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Characteristics of T2-low asthma revealed with Finnish real-world data

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Characteristics of T2-low asthma revealed with Finnish real-world data

AstraZeneca Finland, Medaffcon and Turku University Hospital (TYKS) have carried out one of the first real-world studies into the prevalence and stability of the type 2 low-inflammation endotype of asthma among patients with severe uncontrolled asthma (1).

Understanding the endotype better is a prerequisite for optimising treatment for patients afflicted with what can be a debilitating condition, states Dr. Klaus Tamminen, head of medical affairs at AstraZeneca Finland.

“Severe asthma exacerbates regularly, causing for example absences from work and a burden on health care resources and society more broadly,” he reminds. “Type 2 low-inflammation hasn’t been studied as extensively as its high-inflammation counterpart (2). There were a lot of pertinent questions to answer: How common it is, how frequently does it exacerbate and how do the basic metrics used to monitor it behave over time?”

The endotype is an interesting research topic also because it has a weaker response to corticosteroids and because the first biological medications have proven effective against eosinophilic asthma, (2) adds Dr. Arja Viinanen, a specialist of pulmonary diseases at TYKS.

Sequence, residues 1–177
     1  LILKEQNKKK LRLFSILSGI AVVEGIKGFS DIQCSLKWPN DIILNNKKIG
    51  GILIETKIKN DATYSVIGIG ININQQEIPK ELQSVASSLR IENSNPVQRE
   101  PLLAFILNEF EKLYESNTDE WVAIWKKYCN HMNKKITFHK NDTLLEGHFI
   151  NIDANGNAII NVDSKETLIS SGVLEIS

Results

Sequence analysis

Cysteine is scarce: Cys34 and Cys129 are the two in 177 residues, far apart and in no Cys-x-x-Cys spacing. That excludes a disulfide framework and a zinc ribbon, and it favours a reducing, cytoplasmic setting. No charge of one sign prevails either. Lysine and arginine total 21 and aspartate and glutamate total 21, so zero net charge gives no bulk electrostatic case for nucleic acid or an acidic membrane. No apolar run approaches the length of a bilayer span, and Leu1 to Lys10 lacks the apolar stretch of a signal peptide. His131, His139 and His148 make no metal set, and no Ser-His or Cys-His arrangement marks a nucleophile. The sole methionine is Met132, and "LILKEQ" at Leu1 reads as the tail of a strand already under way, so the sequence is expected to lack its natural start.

“We basically wanted to define the disease burden for non-eosinophilic asthma and approximate the size of the patient group who need new treatment options,” she tells. “We also didn’t know the extent of change from one endotype to the other and whether severe T2-high and T2-low asthmas differ from each other in terms of severity and exacerbations.”

The first step, however, was establishing a definition of type 2 low-inflammation asthma with metrics that are available not only in research but also in everyday clinical settings (1).

The research team set two biomarker-based cut-offs to define the endotype: a fractional exhaled nitric oxide (FeNO) concentration of less than 25 parts per billion and an eosinophil count of less than 150 cells or 300 cells per microlitre (1). The two eosinophil cut-offs were selected because both have been utilised as markers of eosinophilic disease in previous research, explains Dr. Viinanen.

Rare data

The approach dictated the source of the research data.

Auria, the data lake at TYKS, was essentially the only source that offered structured data on not only spirometry tests but also the results of eosinophil and FeNO measurements, according to Dr. Mariann Lassenius, real-world evidence lead at Medaffcon.

“These are data that can’t be found easily elsewhere without extensive manual data mining,” she comments. “The FeNO counts especially were something we had to look into to determine whether they were available in the first place. We found that they’re available in a structured, easily usable form – basically in a table – and started the study.”

“Structured data are enormously helpful especially when you want to monitor an occurrence over time and compare one year to another,” tells Dr. Tamminen. “The Finnish real world data landscape is great because clinical data is so readily available.”